From Maycomb to Kabul and beyond

 At the moment we are reading To Kill a Mocking bird in grade 10 and The Kite Runner in grade 12.

Some observations:

The Kite Runner is one of the first books that most of my high school students have ever enjoyed in school. Normally you watch kids struggle through classics, not inspired by or relating to them. Then a book comes around that was made for their generation, a group of kids raised on video games, Drift Movies, high speed internet , google search and anything that goes really really fast. They are aware of the existence of evil and it is not Darth Vader. This is the post 9.11 group. Our seniors were 9 or 10 when those towers fell and we are now beginning to see a generation of kids bred in fear and cynicism. My students are shocked and disturbed by the details of cruelty in the book and we are reading it alongside pictures, news reports and film footage of Afghanistan. This is a book that tells an important story but it is written in the age of TV, movies and high speed internet and it cannot have escaped the author’s mind that this story would be suitable for Hollywood. He himself has admitted that he was raised on movies, and cannot undermine the influence they have had on his writing.

It certainly stimulates great discussion and we have learnt more about Afghanistan than ever before. We debated not just the US’s role in Afghanistan, but all of NATO especially now that Obama has planned to send in 17,000 more troops. News articles have been mulled over, power points done, freedom of speech debated and lots of interesting chat about plot and character. We have talked about the difference between redemption and atonement, and been touched by the idea of becoming good again.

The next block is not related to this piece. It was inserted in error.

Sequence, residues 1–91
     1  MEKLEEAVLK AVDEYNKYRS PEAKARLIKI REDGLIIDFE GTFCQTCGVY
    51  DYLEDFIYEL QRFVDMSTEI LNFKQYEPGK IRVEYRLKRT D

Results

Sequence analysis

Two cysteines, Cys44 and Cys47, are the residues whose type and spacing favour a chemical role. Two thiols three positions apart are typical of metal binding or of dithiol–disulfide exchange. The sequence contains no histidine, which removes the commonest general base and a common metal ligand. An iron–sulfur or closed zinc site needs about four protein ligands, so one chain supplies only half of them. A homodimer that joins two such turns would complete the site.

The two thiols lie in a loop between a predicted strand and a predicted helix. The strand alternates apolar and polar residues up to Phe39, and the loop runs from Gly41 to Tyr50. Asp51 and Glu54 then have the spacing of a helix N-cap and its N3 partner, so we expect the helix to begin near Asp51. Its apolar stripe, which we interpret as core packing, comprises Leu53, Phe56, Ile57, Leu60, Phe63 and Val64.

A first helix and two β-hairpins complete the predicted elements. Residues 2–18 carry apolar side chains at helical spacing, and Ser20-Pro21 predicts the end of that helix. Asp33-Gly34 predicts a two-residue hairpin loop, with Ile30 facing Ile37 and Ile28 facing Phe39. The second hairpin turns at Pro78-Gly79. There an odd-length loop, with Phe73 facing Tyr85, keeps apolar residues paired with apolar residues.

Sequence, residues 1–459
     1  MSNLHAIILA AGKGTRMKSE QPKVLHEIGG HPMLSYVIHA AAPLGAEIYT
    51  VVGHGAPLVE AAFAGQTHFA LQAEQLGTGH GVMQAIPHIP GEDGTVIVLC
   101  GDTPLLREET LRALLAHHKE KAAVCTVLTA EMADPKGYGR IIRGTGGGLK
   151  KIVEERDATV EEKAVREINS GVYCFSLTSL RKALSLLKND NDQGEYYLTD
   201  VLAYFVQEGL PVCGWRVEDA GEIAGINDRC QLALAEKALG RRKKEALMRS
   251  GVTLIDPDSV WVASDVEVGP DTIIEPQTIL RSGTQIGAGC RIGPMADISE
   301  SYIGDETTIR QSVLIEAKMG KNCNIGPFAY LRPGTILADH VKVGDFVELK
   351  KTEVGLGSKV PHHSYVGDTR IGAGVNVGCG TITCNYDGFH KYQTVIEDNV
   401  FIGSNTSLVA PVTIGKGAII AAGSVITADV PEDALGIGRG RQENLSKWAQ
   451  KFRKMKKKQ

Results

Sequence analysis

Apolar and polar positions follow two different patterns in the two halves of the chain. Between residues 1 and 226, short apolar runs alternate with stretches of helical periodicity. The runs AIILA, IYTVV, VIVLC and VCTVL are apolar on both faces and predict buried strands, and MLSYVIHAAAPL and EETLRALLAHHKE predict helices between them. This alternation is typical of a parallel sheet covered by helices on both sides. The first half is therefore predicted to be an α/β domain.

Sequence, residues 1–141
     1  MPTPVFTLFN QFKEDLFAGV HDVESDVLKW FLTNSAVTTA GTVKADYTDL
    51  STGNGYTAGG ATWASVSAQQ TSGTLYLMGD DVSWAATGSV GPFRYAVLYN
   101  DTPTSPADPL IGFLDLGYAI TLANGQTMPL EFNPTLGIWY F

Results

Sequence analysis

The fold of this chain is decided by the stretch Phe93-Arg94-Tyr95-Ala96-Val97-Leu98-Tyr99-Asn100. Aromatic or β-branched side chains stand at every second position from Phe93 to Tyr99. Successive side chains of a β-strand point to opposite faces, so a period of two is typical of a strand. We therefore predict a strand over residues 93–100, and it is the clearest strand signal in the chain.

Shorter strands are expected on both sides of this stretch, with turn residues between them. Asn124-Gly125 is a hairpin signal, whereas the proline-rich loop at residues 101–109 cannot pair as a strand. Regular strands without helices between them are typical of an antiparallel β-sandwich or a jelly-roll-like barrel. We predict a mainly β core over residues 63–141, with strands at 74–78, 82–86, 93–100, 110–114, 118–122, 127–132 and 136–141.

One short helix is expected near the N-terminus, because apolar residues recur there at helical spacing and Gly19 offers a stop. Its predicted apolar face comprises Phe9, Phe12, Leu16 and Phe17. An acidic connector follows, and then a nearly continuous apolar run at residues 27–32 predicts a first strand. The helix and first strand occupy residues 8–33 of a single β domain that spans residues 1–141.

The Kite Runner is easy digestible and a great story to boot but in terms of a work of literature, I find The Kite Runner to be a complicated one. The writing is average, the story is great but at times the dramatic nature of the events is farfetched to a fault. There are no heady metaphors, hidden symbolism and any recognizable parallels are noticeable a page away. It might not be as well written as To Kill a Mocking bird but it does pull a mean punch


To Kill a Mockingbird by the great Harper Lee is still one of the best books ever written. I can’t fathom that Harper Lee never wrote any other books. I suppose she had just the one in her, but what a one to have.  I am really teaching the book in conjunction with some historical references to The South and Racism in the 1930s-1960s. It is very hard for my students to wrap their little heads around the KKK; especially in the months following Obama’s inauguration.  It is also hard for them to identify with children who spend their whole summers playing with no access to TV, radio, video games, Wii, Malls, movies and computers.  I think they may be getting a trifle bored of reading books written before the year 2000. However, I am a strong believer in the classics, so classics they shall read. 

This is a book that most of my Grade 10s love. Of course there are the odd balls that are bored and looking for more action then Maycomb and the Finches can deliver but generally I would say that some fine questions have been raised by this book. This is a book that asks what it is to be human, what is dignity, what is the way to break out of small mindedness and ignorance? It is also a chance to celebrate how far we have come as a society.

The big question in my mind is this. What constitutes a great work of literature? Has the definition changed with the readership? Are those that appreciate 19th French literature, Tolstoy, Faulkner and even Evelyn Waugh now in the minority? Is that a bad thing? Literature is fluid and changeable and is written for and by a changing group of readers.  

What are the ingredients of a great piece of literature? The Inheritance of Loss, in my humble opinion, is a beautifully written book, at times unbelievable in its beauty, but I feel it tumbles down in the story telling department. 

Very few books, really, out of the millions published, accomplish the happy marriage of extraordinary writing and that rare story.

To Kill a Mockingbird, I told my class, is a masterpiece. It is a book that does not simply tell what people do but subtly asks why.



Filed under Lying in bed with books, Miss Teacher, Teenagers

2 responses to “From Maycomb to Kabul and beyond

  1. Great post. Your students are lucky to have you as an instructor.

    Loved both those books, the book I had to read in school that I HATED was Great Expectations.

  2. Brenda

    Mmm… I loved The Kite Runner. Will you end up showing your kids the film version too? You’ve got me wanting to pick up To Kill a Mockingbird again too. 🙂

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